Dynamic Architecture: Buildings in Sync with Motion

The term ‘Dynamic’ is a discipline of mechanics responsible for the movement of objects with the effect of forces. Movement of the building is known as dynamic architecture which involves a fourth dimension – time. Building’s form and shape can change constantly, making it physically fluid, while exhibiting the ability of the structure to adapt to change.

Forms of Dynamic Buildings

The concept of dynamic architecture can be found in many different shapes and forms. The types are majorly divided as:

Static Dynamic – this includes buildings that are completely still but the form represents the effect of motion or fluidity, creating an optical illusion of dynamism. Curved forms or fluid architecture are based on static dynamic buildings.

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Partially Dynamic – generally involves water moving elements, controlling of external building lights, dynamic facades, convertible furniture. Only some parts of the building can adapt to the changing surroundings.

Fully Dynamic – the whole structure can rotate or move in waves. These kinds of concepts are yet not implemented but there are proposals for fully dynamic buildings.

Dynamic Facade

Dynamic facades can change itself in response to the surroundings which maximizes the performance of the building. It helps to maintain the internal environment naturally and also minimizes the energy consumption of building services. The responsiveness of the facade involves a change in the configuration using moving parts or movable panels that adjust ventilation, solar shading, heat gain and natural light entering into the building. Some dynamic facades include methods of generating energy using technologies like biochemical or solar photovoltaic panels.

Moving facade allows the building’s exterior surface to transform according to specific requirements and desires. Some designs limit themselves to elements that are purely decorative and aesthetic while some interact with the actual structure and the environmental conditions, creating a climate-responsive structure.

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Sustainable Dynamic Buildings

Dynamic buildings are capable of interacting with climatic conditions and regulating energy through building surfaces. The construction method and the ability to produce energy on its own are two of the most remarkable features of Dynamic Architecture. These buildings are made of prefabricated units, custom made in factories that fits very high-quality standards, resulting in fast and cost-efficient construction.

Most of the contemporary buildings achieve comfort through mechanical systems. The use of technology with a basic design approach will always help in making simple and economical working systems. The major focus of designing buildings with sustainable elements and dynamic architecture is that it should reduce energy consumption without compromising users’ comfort.

Da Vinci Tower, Dubai

The proposed project by David Fisher is a huge architectural innovation with each floor rotating independently, resulting in a constant change of shape and form of the building. The main feature of the building will be the rotation of most floors around the central core regardless of other floors, so the floor will not be identical which allows the building to change its shape constantly. All building services systems will be connected through the central core, allowing apartments to be used in the usual style.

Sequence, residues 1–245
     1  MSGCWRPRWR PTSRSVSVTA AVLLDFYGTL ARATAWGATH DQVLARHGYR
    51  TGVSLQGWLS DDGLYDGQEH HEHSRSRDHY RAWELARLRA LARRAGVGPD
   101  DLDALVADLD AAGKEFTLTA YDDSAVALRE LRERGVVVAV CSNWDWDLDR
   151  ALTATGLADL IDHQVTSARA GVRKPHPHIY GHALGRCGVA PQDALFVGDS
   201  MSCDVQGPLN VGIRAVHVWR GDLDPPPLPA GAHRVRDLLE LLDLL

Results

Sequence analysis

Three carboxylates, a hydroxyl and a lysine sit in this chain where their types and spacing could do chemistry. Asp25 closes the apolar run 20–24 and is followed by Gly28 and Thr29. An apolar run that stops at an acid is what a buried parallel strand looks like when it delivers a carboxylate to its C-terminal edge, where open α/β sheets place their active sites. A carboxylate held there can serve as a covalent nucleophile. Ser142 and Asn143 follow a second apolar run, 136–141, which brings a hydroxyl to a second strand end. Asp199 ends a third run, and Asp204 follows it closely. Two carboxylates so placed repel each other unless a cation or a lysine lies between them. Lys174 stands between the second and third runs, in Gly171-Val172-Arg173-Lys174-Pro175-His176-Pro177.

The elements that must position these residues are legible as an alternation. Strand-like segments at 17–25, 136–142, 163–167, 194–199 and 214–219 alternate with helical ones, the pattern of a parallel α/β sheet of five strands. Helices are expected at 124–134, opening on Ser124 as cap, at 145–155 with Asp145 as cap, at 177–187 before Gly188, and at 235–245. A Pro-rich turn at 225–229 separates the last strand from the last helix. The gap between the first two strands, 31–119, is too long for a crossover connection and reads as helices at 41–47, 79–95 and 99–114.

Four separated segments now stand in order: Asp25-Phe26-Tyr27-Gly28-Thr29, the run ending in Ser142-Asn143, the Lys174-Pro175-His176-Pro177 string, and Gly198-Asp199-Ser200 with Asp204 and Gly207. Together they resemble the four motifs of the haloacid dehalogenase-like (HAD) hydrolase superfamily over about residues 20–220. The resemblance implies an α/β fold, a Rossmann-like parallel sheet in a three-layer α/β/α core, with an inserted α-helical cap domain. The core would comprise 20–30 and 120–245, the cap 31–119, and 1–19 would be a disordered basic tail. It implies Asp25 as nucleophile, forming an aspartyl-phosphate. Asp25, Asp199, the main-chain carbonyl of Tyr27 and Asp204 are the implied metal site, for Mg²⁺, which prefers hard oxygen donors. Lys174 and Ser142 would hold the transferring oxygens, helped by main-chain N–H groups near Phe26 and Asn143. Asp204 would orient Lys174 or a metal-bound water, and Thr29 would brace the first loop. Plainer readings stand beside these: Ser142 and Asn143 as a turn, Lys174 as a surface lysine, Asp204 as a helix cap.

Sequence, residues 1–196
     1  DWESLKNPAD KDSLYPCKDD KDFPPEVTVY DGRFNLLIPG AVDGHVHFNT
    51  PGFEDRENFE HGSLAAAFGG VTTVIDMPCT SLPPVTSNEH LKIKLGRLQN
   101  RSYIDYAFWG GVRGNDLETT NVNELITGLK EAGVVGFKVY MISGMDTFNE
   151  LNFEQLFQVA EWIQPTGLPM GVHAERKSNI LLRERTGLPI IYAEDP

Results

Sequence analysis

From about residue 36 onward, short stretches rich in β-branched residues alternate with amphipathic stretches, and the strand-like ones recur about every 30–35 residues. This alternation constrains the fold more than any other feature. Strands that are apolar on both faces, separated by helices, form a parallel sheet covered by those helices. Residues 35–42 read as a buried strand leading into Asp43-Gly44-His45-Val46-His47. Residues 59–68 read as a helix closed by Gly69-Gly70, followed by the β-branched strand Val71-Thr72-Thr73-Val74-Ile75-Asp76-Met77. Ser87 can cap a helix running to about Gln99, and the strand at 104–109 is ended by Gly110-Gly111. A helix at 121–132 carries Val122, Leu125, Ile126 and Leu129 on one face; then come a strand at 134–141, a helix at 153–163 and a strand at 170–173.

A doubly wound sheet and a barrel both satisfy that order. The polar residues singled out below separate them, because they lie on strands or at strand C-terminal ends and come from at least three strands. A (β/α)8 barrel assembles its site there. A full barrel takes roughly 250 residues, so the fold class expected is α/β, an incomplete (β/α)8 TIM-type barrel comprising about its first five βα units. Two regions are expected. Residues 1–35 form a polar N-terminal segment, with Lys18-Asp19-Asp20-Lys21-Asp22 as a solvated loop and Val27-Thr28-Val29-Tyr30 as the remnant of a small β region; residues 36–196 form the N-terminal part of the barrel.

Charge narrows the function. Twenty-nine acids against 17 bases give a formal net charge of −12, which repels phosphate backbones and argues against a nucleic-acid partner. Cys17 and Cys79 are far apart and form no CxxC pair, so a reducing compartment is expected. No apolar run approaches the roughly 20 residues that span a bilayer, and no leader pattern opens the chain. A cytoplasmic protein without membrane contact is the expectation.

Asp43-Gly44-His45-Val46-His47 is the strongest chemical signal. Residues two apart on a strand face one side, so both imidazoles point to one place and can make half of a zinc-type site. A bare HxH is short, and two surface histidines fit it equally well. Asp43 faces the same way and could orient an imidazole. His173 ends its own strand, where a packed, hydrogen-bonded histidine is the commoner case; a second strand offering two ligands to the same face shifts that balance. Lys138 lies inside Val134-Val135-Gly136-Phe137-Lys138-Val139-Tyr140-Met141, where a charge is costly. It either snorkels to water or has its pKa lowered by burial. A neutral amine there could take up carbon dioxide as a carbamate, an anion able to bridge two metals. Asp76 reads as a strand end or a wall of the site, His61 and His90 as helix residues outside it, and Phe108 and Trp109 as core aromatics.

Construction and material

Natural and recyclable materials including stone, marble, insulated glass, metal, and timber are intended to be used in interior and exterior finishes.

The entire building, except the concrete core, is made of prefabricated units that arrive at the construction site completely finished including flooring, water pipes, electrical fittings, and other interior finishes. These units will be made of steel, aluminum, carbon fiber, and other high-quality materials.

Use of renewable energy

The tower can produce electricity through wind turbines installed horizontally between each floor. The turbines made of carbon fiber which insulate sound; produce more green energy for surroundings. 70 horizontal turbines will be constructed between each floor; every turbine generates 460,000 KW/h.

The building contains complete external glass surfaces that allow direct sunlight to reach the interior spaces of each component. Direct solar gain can be controlled by controlling the floor orientation based on the state of the external climate. All electrical devices will be of low energy consumption, intelligent computer systems to reach high energy efficiency.

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Shreya Jindal
Shreya Jindal
Shreya Jindal is an Architecture student from MBS school of Planning and Architecture, New Delhi. She has an avid interest in learning about new advances and innovations in the field. According to her, Architecture is a lot about understanding the psychology of the built form and the people and surroundings around it. She has tried her best to reflect the same in her writings and is hopeful that readers will be inspired by how architecture evolves living.

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